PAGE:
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Summary:

Churnalism, a new browser extension and website from the Sunlight Foundation, aims to help detect plagiarism online by checking content against Wikipedia and a database of press releases. But it won’t pick up on plagiarism from other sources.

Churnalism

Suspicious about the origins of an article you’re reading online? A new browser extension and website, Churnalism U.S., claims to help detect plagiarism by comparing web content to Wikipedia and a database of press releases.

Churnalism was built by the Sunlight Foundation, a Washington, DC-based nonprofit that aims to make government more transparent and accountable, and Media Standards Trust, a U.K.-based nonprofit that advocates for transparency in news. The organizations previously created a U.K. version of Churnalism that compares web content to articles from the U.K. national press and the BBC.

“Here at Sunlight, we’re increasingly interested in tracking not just the flow of money in politics, but the flow of ideas, whether in legislation or floor speeches or news articles,” Sunlight Labs director Tom Lee said in a statement. “When we learned of what Media Standards Trust developed, it seemed natural for us to help them bring it to the U.S. news consumer.”

Churnalism U.S. is available as a web extension for Chrome, Mozilla Firefox and Internet Explorer browsers, or users can simply paste a URL into a website. The service then highlights possible similarities between the article and source material from Wikipedia and press releases. On its blog, Churnalism explains a little more about how the technology works to detect plagiarism. The database of press releases includes PRNewsWire, PR NewsWeb, MarketWire, EurekaAlert, Congressional Leadership and press releases from the White House, trade organizations, Fortune 500 companies and nonprofit research institutes and think tanks.

Because Churnalism U.S. is only searching Wikipedia and press releases, it doesn’t detect “classic” forms of plagiarism — an author copying another author’s original content from somewhere else on the web or in a printed work. Churnalism doesn’t pick up (yes, I checked) Atlantic writer Nate Thayer’s failure to credit his sources, for example, or Jonah Lehrer’s self-borrowing. For that, you’ll have to use a paid tool like Turn It In. But Churnalism plans to open up its API soon so that users can add more sources.

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  1. The argument could be made that lifting content directly from news releases is not plagiarism. The idea of news releases is to inform journalists of an event or an action by an organization.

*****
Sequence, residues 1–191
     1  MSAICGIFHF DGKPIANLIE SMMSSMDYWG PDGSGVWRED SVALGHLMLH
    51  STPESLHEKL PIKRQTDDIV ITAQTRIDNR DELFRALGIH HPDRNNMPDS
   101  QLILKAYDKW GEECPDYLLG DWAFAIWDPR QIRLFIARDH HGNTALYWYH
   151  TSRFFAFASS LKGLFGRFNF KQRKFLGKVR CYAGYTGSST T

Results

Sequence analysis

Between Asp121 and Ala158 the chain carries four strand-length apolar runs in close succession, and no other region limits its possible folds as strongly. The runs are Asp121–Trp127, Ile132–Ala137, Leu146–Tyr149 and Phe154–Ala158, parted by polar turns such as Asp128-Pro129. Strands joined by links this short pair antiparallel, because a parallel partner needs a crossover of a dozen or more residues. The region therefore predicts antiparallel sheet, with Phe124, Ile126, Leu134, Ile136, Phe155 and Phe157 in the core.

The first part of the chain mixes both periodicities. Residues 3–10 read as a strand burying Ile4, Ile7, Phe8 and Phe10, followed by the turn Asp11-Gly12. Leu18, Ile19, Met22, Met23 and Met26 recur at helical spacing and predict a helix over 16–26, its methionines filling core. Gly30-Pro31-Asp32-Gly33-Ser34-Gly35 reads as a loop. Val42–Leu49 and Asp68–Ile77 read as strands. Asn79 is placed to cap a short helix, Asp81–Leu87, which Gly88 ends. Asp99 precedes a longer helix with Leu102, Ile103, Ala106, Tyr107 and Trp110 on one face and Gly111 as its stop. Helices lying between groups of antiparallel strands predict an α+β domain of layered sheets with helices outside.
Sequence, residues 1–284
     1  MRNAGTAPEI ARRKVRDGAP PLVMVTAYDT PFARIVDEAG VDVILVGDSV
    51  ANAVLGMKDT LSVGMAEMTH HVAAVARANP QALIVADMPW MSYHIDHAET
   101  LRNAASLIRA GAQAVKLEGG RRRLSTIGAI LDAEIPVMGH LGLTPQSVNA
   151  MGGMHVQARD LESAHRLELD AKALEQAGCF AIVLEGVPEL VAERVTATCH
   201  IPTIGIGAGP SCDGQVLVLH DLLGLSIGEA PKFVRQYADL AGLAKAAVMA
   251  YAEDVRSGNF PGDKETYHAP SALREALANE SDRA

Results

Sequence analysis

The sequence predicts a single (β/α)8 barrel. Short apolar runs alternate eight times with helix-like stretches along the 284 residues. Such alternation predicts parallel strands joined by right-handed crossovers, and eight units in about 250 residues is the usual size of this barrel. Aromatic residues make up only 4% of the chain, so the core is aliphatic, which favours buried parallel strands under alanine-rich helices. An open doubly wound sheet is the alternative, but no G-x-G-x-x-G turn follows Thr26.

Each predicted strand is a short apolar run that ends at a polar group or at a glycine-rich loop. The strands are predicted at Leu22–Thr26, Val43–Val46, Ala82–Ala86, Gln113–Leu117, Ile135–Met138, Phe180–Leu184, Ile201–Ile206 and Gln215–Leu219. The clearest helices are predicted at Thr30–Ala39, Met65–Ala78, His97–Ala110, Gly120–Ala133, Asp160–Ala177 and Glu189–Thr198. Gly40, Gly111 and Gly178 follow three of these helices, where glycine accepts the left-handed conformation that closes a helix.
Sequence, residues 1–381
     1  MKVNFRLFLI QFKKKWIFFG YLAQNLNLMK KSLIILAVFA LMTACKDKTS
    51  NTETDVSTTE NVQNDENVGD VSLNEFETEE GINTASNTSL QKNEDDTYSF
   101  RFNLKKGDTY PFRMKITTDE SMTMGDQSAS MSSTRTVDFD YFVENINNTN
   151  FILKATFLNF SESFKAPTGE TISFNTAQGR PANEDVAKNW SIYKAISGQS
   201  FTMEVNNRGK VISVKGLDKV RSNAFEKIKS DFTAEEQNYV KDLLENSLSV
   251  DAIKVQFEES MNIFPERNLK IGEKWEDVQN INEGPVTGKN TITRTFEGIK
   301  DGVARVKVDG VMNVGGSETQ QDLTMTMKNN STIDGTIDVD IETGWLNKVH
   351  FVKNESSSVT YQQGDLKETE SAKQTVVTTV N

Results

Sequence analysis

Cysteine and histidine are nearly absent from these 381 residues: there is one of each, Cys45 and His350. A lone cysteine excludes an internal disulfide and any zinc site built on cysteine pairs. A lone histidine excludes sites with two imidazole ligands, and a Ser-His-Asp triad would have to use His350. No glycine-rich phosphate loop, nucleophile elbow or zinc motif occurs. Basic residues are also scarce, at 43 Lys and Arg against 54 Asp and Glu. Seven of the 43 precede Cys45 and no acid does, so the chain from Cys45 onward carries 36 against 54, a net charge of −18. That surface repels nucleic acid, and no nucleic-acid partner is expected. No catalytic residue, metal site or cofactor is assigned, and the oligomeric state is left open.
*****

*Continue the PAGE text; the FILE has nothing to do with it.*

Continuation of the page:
There is a decades-long tradition of news outlets using news releases with either minimal rewrites or as written in their stories, both print and broadcast.

    If plagiarism is the unauthorized and uncredited use of another’s writing, then the use of a news release in a story seems to me to fail the “unauthorized” part of that test.

    What about taking a CEO quote from a news release and running it directly? Is that plagiarism?

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    1. Bob, that is a good point (for example, I included a quotation from the Sunlight Foundation’s Tom Lee, that was in the Sunlight Foundation press release, in the story).
      There is a little more on how this works at Churnalism’s blog (http://sunlightfoundation.com/blog/2013/04/23/churnalism-technical-background/):

      “Once we have a list of which press releases share text with a given news article we have to analyze whether that shared text is meaningful. This is where the Churnalism web frontend takes over. We remove fragments that are mostly long proper nouns (such as ‘the President of the United States of America’). We then measure how many characters overlap and how close together the shared passages are, relative to the document lengths. A 3,000 word news article that shares two sentences with a press release is less interesting than a 1,000 article that shares two paragraphs. Similarly two articles of the same length that share the same two sentences with a press release aren’t always churning the press release to the same degree. We boil this down into the ‘density’ of the shared text in the two documents as a measure of how likely the text was simply copy/pasted and then slightly edited.”

      FWIW, I ran this very paidContent story through Churnalism and it doesn’t pull up any flags because of that Lee quote.

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    2. I love this site coming from a PR/Journalism background!

      Yes in PR we don’t mind if our news release is copy and pasted word-for-word but it would be nice if they actually took the time to write a real story. It’s not plagiarism as we want to get the news out but just something we accept now with shorter deadlines. It’s a decade-long tradition because of the broken media business models – no fault to the writers, just their overall business as a whole.

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  2. There are number of duplicate content check tools that can be used for staying protected against plagiarism, but need to understand the toll you are going to choose has easy to use interface and make sure that it provides accurate results.

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